UNITED STATES OF AMERICA v. REAL PROPERTY LOCATED AT 8 DRIFT STREET, NEW BRUNSWICK, NEW JERSEY et al
MEMORANDUM ORDER denying 28 Motion for Discovery. Signed by Judge Michael A. Shipp on 4/20/2015. (eaj)
NOT FOR PUBLICATION
UNITED STATES DISTRICT COURT
DISTRICT OF NEW JERSEY
UNITED STATES OF AMERICA,
Civil Action No. 14-3587 (MAS)
REAL PROPERTY LOCATED AT 8
DRIFT STREET, NEW BRUNSWICK,
NEW JERSEY, et al.,
Defendants in rem.
This matter comes before the Court upon Claimants Gengwu Qiu and 52 BD, Inc.'s
("Claimants") motion to compel discovery from Plaintiff United States of America (the "United
States") pursuant to Rule 37(a) of the Federal Rules of Civil Procedure. (ECF No. 28.) The United
States opposes the motion as premature. (ECF No. 32.) The Court has carefully considered the
parties' submissions and decided the matter without oral argument pursuant to Local Civil Rule
This is a civil action in rem for the forfeiture of the defendants' assets pursuant to 18 U.S.C.
§§ 98l(a)(l)(A) and (a)(l)(C). (Compl.
1, ECF No. 1.) The United States seeks forfeiture of
certain real property and currency from three bank accounts, which allegedly are proceeds from
the transportation, transmittal, or transfer of money from China to the United States by Gengmin
Qui that he knew was stolen, converted or taken by fraud in violation of 18 U.S.C. § 2314.
Claimants filed verified claims in the instant matter and assert an interest in the currency seized.
On August 1, 2014, Claimants served discovery requests on the United States pursuant to Rules
33 and 34 of the Federal Rules of Civil Procedure. On September 23, 2014, the United States
served special interrogatories on Claimant Gengwu Qui pursuant to Rule G(6) of the Supplemental
Rules for Admiralty or Maritime Claims and Asset Forfeiture Actions (the "Supplemental Rules"),
and Claimant provided responses on October 27, 2014.
Claimants assert that the United States has produced a large number of documents to date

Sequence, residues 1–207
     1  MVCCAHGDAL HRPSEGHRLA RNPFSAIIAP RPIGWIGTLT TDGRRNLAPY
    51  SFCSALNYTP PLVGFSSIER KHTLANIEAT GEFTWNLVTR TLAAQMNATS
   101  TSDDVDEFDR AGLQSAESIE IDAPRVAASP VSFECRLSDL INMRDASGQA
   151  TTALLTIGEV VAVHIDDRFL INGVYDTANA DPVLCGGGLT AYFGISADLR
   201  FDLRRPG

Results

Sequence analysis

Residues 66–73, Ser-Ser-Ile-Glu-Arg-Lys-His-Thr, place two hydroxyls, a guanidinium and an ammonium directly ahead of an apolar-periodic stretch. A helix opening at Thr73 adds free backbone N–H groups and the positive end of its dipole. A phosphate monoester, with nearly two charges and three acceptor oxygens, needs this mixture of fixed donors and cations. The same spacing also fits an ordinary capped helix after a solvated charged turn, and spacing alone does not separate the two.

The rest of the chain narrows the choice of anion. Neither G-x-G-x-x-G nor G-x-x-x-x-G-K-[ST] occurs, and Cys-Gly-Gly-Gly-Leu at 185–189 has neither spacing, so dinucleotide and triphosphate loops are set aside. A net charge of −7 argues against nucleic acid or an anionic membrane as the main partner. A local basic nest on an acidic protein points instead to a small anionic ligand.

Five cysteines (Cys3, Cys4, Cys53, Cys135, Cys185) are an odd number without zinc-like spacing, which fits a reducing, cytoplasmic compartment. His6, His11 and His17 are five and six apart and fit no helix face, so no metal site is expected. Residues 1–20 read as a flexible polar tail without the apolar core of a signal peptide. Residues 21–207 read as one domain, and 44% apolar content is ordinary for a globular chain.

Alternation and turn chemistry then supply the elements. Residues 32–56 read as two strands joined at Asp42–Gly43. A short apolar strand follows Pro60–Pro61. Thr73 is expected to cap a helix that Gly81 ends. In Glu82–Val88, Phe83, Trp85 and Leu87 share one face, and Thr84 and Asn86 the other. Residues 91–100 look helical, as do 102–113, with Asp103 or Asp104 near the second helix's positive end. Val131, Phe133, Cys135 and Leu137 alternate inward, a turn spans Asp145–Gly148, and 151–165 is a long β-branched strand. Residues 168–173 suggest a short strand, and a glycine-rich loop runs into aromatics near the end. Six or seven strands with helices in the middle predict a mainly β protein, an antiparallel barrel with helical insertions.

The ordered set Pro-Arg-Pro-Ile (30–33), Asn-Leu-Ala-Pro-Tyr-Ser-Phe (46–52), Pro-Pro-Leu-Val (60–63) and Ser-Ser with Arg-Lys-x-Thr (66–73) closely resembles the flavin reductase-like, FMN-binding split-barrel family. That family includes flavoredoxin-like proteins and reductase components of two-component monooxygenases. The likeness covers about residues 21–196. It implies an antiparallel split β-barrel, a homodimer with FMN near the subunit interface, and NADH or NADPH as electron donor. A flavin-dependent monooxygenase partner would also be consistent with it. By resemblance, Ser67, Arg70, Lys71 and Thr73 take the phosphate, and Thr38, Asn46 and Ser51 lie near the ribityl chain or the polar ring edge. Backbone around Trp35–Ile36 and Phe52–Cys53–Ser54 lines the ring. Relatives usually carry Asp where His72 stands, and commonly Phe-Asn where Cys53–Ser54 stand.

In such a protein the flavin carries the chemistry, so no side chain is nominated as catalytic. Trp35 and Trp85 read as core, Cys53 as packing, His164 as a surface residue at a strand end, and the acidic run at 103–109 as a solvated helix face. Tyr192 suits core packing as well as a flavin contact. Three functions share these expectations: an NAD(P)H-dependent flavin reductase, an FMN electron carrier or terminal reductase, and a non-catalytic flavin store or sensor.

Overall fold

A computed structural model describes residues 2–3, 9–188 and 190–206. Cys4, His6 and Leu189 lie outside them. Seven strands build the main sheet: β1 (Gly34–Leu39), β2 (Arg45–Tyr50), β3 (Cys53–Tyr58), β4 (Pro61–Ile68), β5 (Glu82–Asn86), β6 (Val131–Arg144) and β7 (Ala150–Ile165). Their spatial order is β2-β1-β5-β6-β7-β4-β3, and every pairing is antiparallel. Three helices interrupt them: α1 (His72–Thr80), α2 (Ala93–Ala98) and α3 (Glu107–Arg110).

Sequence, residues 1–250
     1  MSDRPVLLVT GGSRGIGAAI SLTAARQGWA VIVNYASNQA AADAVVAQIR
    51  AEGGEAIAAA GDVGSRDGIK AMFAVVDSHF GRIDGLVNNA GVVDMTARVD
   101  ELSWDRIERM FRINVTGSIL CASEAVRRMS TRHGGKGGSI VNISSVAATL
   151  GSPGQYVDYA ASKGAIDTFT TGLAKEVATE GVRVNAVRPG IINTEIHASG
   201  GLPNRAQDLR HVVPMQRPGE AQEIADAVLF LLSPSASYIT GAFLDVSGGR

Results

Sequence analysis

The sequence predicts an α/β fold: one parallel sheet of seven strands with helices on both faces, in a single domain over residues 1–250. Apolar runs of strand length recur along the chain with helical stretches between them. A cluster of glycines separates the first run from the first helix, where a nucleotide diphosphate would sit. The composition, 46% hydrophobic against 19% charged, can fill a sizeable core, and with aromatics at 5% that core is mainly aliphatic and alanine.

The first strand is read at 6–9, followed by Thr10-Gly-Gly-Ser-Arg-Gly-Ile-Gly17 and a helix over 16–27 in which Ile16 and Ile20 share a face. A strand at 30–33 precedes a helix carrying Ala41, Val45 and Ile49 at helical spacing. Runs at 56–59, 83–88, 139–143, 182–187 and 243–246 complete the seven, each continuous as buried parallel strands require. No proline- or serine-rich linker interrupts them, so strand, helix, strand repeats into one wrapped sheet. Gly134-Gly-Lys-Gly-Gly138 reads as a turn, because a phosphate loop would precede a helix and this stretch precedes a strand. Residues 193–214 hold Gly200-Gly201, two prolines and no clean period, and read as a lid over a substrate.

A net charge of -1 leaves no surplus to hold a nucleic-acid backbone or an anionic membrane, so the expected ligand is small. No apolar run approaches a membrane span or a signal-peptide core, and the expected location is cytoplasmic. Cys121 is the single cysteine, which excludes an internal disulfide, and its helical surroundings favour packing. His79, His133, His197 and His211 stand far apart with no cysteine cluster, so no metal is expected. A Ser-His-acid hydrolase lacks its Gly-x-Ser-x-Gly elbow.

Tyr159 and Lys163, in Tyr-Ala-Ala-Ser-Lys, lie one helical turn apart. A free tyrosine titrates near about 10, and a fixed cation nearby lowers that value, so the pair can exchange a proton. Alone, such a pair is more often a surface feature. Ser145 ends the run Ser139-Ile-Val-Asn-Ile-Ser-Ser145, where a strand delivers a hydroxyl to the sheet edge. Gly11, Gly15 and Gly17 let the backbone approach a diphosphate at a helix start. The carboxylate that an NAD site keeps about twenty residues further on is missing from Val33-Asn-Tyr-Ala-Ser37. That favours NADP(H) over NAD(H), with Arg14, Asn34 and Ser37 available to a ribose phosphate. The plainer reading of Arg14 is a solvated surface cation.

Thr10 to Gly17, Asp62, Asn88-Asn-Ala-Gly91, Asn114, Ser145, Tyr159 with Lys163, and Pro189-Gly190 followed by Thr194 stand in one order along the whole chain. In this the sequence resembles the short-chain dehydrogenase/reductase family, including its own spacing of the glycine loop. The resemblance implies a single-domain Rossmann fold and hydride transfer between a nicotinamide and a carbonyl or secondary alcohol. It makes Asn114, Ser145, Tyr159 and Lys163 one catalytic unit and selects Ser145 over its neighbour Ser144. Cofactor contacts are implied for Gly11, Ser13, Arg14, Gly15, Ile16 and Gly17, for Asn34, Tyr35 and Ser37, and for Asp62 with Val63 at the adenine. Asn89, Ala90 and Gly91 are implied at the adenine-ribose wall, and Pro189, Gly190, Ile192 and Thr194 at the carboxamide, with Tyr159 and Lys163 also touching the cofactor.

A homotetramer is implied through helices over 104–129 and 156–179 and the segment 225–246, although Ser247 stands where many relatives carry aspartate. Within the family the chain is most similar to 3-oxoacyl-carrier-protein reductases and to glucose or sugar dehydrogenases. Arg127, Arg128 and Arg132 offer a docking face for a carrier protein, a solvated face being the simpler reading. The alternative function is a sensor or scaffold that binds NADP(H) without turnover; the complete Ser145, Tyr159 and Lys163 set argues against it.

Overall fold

but has not responded to their interrogatories or provided written responses to their request for
production of documents. Claimants now move, pursuant to Rule 37, to compel the United States
to respond to their discovery requests. Subsequent to Claimants' filing the motion sub Judice, the
United States filed a motion to strike the Claimants' claims for lack of standing. The United States
now argues that the Claimants' motion is premature because Claimants' standing has not been
established. The Court agrees.
Civil asset forfeiture proceedings are governed by two sets of procedural rules: the
Supplemental Rules and the Federal Rules of Civil Procedure. See United States v. $8,221,877.16
in US. Currency, 330 F.3d 141, 149 (3d Cir. 2003). "The balance between the two is struck in
favor of the Supplemental Rules, which always apply to civil forfeiture proceedings." Id. The
Supplemental Rules allow the United States to serve special interrogatories on a claimant to gather
information regarding a claimant's standing to assert a claim in a civil forfeiture action. See Supp.
R. G(6); see also Supp. R. 0(6), (8)(c) advisory committee's notes. Interrogatories under Rule 33
are also permitted in a civil forfeiture proceeding. See Supp. R. G( 6) advisory committee note.
Pursuant to Rule 3 7, a party propounding discovery may seek an order compelling
responses when an opposing party has failed to respond or has provided incomplete responses.
Fed. R. Civ. P. 37(a)(3)(B). "A party moving to compel bears the initial burden of showing the
relevance of the requested information." Morrison v. Phila. Hous. Auth., 203 F.R.D. 195, 196
(E.D. Pa. 2001). Standing, however, is a threshold issue and courts must determine standing before
addressing any other issue. See, e.g. United States v. $263,327.95, 936 F. Supp. 2d 468, 471
(D.N.J. 2013); United States v. $133,420.00 in US. Currency, 672 F.3d 629, 644 (9th Cir. 2012).
A "court must determine whether the claimant has standing to contest the forfeiture, before [it]
addresses any other issue that the claimant may raise." United States v. $104, 25 0. 00 in US.
Currency, 947 F. Supp. 2d 560, 565 (D. Md. 2013). Accordingly, Claimants' motion to compel
discovery is premature as there is a pending motion relating to Claimants' standing. If the Court
determines that Claimants have standing, they may then move to compel discovery.
For the reasons set forth above, and other good cause shown,
IT IS on this
)o·':ay of April 2015,
ORDERED that Claimants' Motion to Compel
Discovery (ECF No. 28) is DENIED without prejudice.
UNITED STATES DISTRICT JUDGE
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